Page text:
Introduction to Decentralization (Part II)

Sequels are often a poor shadow of the original genius. But not in this case! Strap yourself in for the gripping part II of this introduction to decentralization. In part one we covered where the centralized world has come from historically. In this post, we continue the explanation of the seismic shift that has occured in the technology of trust, leading to decentralization.

But first, you need to understand encryption.


When talking about encryption and cryptography, two familiar characters enter the scene with habitual certainty: Alice and Bob. And sometimes one other character (evil Eve / malicious Mal).

There are two main things you can do with Asymmetric Key Cryptography (loosely, that’s where you have a public key and a private key).

The first thing that Alice and Bob can do with Asymmetric Key Cryptography is of course: Encrypting. Which means that Alice can write a sensitive message, encrypt it, and send it to Bob, without anyone but Bob being able to read it.

This is achieved by the following steps: First Alice writes her sensitive message e.g. (“Please send the goods to 123 Road Street.”), and then encrypts it with Bob’s public key, which everyone knows and has access to. Now, only Bob’s private key can decrypt the encrypted message. If Eve views the encrypted message in between, she won’t be able to decrypt it, because she doesn’t have Bob’s private key. Only Bob has his private key. When Bob receives the encrypted message, he uses his private key to decrypt the message and is able to read the sensitive contents. Wonderful.

But now, we have a new problem. Since Bob’s public key is public (everyone knows it), then, in our example, you may ask: Well, couldn’t Eve just throw away Alice’s entire encrypted message, and replace it with her own evil message (“Hello this is really definitely Alice. Send the goods to 456 Other Street.”) which she encrypts with Bob’s public key? When Eve sends the evil replaced message to Bob, Bob would still be able to decrypt it and he would be none the wiser that it had really come from Eve, not Alice. That would be bad!

Introducing the second thing that you can do with Asymmetric Key Cryptography: Signing. Signing is the solution to the problem of authenticity. So, Alice wants to send a message to Bob, and she wants Bob to be certain that it really came only from her. They take the following steps: First, Alice writes her message and sends it to Bob unencrypted, she also encrypts the same message with her private key, and sends that encrypted message too. Note that only Alice’s public key can decrypt the message that was encrypted with her private key. Since everyone (including Bob) knows Alice’s public key, Bob is able to decrypt the message and if it works and the two messages match perfectly, then Bob knows that it really did come from Alice, and was not tampered with.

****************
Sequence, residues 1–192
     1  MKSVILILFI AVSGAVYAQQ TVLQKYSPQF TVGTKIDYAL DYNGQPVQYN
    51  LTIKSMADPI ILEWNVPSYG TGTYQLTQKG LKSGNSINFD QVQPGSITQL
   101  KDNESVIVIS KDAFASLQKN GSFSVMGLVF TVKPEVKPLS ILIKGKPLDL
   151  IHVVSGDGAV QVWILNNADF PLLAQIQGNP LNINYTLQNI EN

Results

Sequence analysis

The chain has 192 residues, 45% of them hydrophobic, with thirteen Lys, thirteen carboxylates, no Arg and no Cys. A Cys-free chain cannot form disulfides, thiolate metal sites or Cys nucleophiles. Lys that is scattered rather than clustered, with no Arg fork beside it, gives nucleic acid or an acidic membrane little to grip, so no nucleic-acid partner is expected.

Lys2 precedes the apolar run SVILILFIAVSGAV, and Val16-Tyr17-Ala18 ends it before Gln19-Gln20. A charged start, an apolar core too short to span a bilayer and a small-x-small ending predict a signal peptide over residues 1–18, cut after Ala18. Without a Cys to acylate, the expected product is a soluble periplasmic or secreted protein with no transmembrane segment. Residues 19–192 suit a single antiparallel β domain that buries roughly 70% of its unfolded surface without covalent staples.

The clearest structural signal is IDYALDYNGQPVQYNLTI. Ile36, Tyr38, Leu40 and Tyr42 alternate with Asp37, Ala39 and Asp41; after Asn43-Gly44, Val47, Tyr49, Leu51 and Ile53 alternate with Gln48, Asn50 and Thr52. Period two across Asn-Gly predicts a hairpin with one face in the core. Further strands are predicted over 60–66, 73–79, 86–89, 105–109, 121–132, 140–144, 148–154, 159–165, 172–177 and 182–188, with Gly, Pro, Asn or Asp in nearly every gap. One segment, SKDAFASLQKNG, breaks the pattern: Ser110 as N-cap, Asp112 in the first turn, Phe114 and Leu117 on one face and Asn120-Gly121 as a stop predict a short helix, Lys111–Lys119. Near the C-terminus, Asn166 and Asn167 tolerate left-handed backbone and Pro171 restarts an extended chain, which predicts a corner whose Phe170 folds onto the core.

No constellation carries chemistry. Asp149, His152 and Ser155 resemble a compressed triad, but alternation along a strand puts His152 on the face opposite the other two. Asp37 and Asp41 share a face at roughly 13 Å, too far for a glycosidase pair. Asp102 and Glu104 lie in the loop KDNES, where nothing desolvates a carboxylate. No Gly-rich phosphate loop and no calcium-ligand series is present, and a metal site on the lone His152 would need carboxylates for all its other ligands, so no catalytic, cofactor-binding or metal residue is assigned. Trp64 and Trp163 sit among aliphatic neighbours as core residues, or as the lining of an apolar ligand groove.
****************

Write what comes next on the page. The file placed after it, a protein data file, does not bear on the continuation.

Combining these two methods together gives a powerful result. Alice and Bob can communicate with certainty that 1) what they say to each other won’t be read by Eve and 2) the messages they receive can only be from each other, and not Eve impersonating them. These are referred to as confidentiality and authenticity respectively.


Back to the problem of trusting the bank with your sheep.

Instead of holding gold to represent value, instead, in a decentralised world we hold bitcoin. I do this by holding onto two encryption keys, one key is secret only to me, and one key is public, that I can hand out to everyone.

Anyone who has my public key can use it to check that I really have the bitcoin. “According to whom?”, you might ask. Is there a central website or vault that they can go to, to check? No, there is not, they do not need to trust any one person. In fact, they don’t even need to trust me. They can check with thousands of blockchain servers around the world, independently run by strangers, none of them centralized in one place, or under the control of one group or government. All of those servers have cryptographically confirmed that “Yes in fact, he does have that bitcoin”. Since I could probably convince a few of them to lie and say that I have the bitcoin when I really don’t, you need to make sure a large majority of all the decentralized servers agree. This “consensus” problem is one of the core aspects that makes blockchain new and interesting.

I use my private key to send some of that bitcoin to you. Again, do you have to trust me? No sir! You don’t have to trust any one person. I use my private key to sign a message out to all the bitcoin servers on the internet, telling everyone that some of my bitcoin is now yours. Since I’m the only one with my private key, all of the servers know that it’s really mine, and no trust is needed. Without needing to trust that I’ve sent the funds, now you can just ask all of those servers, and when they all agree, then you know that the bitcoin has really been sent to you. And no bank or government is involved at all!

Be aware that this explanation is a nutshell only, it skips over the details of how bitcoin actually works, but gives you the general idea.


Now that you know roughly how the blockchain works, and that you no longer have to trust any individual bank, company, vault, government, or sheep, you can go ahead and use Bitcoin and other blockchain based technologies with confidence.

Stay tuned for more things you can do with blockchain, including voting, trading, loans, and distributed decentralized computing!